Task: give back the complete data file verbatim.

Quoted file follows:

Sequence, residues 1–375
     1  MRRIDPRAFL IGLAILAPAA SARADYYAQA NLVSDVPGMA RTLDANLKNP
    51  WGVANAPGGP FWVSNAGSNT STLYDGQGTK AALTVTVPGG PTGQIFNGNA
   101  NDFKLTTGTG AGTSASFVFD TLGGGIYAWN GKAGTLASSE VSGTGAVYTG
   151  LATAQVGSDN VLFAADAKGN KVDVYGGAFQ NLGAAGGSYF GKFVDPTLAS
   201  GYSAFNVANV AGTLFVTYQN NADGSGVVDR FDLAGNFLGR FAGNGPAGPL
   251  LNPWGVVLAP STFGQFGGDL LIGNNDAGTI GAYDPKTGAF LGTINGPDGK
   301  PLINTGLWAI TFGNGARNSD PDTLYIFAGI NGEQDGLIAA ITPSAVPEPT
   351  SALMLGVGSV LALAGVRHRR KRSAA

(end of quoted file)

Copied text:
Sequence, residues 1–375
     1  MRRIDPRAFL IGLAILAPAA SARADYYAQA NLVSDVPGMA RTLDANLKNP
    51  WGVANAPGGP FWVSNAGSNT STLYDGQGTK AALTVTVPGG PTGQIFNGNA
   101  NDFKLTTGTG AGTSASFVFD TLGGGIYAWN GKAGTLASSE VSGTGAVYTG
   151  LATAQVGSDN VLFAADAKGN KVDVYGGAFQ NLGAAGGSYF GKFVDPTLAS
   201  GYSAFNVANV AGTLFVTYQN NADGSGVVDR FDLAGNFLGR FAGNGPAGPL
   251  LNPWGVVLAP STFGQFGGDL LIGNNDAGTI GAYDPKTGAF LGTINGPDGK
   301  PLINTGLWAI TFGNGARNSD PDTLYIFAGI NGEQDGLIAA ITPSAVPEPT
   351  SALMLGVGSV LALAGVRHRR KRSAA